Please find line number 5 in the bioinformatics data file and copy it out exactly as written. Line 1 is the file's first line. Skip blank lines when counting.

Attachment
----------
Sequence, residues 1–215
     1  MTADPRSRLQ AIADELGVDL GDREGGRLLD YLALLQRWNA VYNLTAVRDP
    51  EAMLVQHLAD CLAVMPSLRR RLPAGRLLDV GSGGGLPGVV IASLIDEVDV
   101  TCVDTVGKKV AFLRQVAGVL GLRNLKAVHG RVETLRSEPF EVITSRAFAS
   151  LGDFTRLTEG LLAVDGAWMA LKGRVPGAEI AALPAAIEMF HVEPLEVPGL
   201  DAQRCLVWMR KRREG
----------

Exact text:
   151  LGDFTRLTEG LLAVDGAWMA LKGRVPGAEI AALPAAIEMF HVEPLEVPGL